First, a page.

In our New England waters, the most commonly encountered ocean sunfish is the Mola mola. Photo courtesy of NECWA. also called the common mola. These large bony fish can be sighted in Cape Cod Bay and Massachusetts Bay in the summer months of July and August. Common molas are often observed lying on their sides at the water’s surface. They seem to be sunning themselves and this behavior has given them the common name of “sunfish”. Molas have been observed in both temperate and tropical waters. Yet their exact distribution and overall movements is not well understood.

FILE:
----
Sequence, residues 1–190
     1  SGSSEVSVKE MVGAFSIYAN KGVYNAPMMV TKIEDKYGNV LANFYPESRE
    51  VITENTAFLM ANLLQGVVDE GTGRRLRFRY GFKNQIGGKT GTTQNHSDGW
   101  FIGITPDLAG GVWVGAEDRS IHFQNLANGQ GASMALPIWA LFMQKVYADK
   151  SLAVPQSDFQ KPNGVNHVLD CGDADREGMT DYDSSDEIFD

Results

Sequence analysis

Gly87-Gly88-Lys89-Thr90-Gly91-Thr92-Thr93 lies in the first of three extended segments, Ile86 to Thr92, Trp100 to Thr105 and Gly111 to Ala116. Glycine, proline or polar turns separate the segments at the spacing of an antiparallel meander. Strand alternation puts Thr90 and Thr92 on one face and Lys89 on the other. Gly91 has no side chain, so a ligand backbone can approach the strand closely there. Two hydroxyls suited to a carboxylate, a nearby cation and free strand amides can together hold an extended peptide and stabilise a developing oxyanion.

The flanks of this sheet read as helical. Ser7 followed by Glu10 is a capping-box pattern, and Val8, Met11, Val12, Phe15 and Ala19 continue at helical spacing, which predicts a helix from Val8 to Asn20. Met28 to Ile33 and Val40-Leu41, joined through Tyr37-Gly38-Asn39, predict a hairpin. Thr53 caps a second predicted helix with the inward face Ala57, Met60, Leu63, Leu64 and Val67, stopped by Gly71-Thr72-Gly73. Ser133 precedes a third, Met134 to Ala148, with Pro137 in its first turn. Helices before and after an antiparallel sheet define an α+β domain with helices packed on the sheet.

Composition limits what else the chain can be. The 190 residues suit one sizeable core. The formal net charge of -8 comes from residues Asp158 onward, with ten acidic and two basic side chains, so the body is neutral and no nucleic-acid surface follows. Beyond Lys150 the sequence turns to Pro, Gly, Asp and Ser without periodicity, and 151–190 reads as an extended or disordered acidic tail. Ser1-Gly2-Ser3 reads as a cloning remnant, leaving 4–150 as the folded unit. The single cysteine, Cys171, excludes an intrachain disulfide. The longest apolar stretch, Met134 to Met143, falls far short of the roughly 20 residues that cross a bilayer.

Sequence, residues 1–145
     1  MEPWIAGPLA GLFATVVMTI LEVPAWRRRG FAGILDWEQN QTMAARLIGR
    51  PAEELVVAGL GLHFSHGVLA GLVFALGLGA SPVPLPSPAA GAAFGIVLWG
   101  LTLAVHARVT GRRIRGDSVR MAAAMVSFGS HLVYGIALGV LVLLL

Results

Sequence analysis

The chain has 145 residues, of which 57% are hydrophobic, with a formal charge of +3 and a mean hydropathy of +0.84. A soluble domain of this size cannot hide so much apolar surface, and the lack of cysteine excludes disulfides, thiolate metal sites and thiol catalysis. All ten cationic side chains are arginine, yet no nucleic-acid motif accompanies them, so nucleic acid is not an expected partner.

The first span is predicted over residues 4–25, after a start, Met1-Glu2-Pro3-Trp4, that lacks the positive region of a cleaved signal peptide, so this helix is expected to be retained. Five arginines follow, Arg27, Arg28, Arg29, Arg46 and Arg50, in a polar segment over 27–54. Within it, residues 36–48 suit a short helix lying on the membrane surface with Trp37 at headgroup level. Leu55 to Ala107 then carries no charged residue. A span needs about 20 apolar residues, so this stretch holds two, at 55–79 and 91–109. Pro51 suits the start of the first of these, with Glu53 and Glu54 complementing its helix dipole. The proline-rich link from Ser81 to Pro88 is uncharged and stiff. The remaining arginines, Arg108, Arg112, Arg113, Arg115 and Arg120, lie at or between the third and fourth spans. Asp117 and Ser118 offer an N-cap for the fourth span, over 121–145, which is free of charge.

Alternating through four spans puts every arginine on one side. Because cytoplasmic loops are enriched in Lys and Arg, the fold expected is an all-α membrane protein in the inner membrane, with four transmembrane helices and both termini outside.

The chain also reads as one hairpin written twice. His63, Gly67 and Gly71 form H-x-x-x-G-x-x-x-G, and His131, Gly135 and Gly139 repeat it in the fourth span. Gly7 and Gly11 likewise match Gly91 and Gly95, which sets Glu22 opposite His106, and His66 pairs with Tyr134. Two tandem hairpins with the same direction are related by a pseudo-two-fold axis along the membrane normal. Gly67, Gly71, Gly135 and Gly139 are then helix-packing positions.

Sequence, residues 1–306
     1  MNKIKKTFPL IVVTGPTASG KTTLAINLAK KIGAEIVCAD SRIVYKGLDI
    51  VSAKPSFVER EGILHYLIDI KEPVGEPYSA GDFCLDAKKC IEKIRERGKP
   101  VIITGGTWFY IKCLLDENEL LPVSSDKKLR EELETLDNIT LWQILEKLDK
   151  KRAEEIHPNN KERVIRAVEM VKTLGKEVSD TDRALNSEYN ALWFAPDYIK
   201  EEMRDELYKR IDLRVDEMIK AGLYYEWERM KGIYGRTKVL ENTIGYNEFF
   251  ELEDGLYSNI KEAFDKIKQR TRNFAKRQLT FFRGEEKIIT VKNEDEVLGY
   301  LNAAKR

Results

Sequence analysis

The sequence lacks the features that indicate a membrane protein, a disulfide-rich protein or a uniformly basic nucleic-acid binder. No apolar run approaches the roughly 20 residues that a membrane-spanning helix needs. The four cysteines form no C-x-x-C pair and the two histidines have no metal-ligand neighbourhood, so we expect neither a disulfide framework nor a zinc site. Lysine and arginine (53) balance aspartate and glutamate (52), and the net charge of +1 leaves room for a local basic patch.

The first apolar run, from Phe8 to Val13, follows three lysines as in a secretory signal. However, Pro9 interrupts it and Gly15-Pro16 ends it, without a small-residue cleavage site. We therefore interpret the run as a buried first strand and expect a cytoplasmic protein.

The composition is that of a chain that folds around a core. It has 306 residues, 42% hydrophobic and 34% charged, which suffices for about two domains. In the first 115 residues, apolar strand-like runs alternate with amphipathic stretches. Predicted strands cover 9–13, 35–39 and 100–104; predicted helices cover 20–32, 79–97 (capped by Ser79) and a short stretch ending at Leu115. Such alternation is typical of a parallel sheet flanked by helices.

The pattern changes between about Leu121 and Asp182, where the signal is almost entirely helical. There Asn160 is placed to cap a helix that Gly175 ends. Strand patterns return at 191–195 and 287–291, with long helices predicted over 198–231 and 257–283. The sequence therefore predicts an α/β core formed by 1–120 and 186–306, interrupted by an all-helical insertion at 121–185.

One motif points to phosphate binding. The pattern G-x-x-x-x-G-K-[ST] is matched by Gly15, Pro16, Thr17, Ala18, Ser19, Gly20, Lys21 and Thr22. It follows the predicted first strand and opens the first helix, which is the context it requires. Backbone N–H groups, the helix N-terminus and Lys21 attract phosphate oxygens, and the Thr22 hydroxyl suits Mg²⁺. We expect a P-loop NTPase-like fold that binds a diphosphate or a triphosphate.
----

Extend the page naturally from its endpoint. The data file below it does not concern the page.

Common Names: ocean sunfish, round tailed or common mola
The unusual swimming behavior of the common mola often alerts us to the presence of this animal at the water’s surface. As the fish lies on its side, the dorsal fin flops up and down causing a disturbance at the water's surface. This sculling motion can be used to help distinguish the common mola from the basking shark. The basking shark also has a large dorsal fin, but the fin is typically observed erect as it moves slowly along the water’s surface. Another view of a Mola mola. Photo courtesy of NECWA.